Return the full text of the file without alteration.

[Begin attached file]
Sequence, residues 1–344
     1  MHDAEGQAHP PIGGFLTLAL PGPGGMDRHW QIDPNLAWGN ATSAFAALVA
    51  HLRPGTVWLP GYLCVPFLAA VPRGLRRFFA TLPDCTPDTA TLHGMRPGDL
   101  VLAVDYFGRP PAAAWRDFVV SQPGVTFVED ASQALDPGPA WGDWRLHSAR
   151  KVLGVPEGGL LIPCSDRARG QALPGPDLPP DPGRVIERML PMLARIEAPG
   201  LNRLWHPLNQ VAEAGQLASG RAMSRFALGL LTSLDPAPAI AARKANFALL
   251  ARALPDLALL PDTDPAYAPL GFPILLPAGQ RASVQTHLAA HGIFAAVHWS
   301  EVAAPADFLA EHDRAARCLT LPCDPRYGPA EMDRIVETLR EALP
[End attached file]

Sequence, residues 1–344
     1  MHDAEGQAHP PIGGFLTLAL PGPGGMDRHW QIDPNLAWGN ATSAFAALVA
    51  HLRPGTVWLP GYLCVPFLAA VPRGLRRFFA TLPDCTPDTA TLHGMRPGDL
   101  VLAVDYFGRP PAAAWRDFVV SQPGVTFVED ASQALDPGPA WGDWRLHSAR
   151  KVLGVPEGGL LIPCSDRARG QALPGPDLPP DPGRVIERML PMLARIEAPG
   201  LNRLWHPLNQ VAEAGQLASG RAMSRFALGL LTSLDPAPAI AARKANFALL
   251  ARALPDLALL PDTDPAYAPL GFPILLPAGQ RASVQTHLAA HGIFAAVHWS
   301  EVAAPADFLA EHDRAARCLT LPCDPRYGPA EMDRIVETLR EALP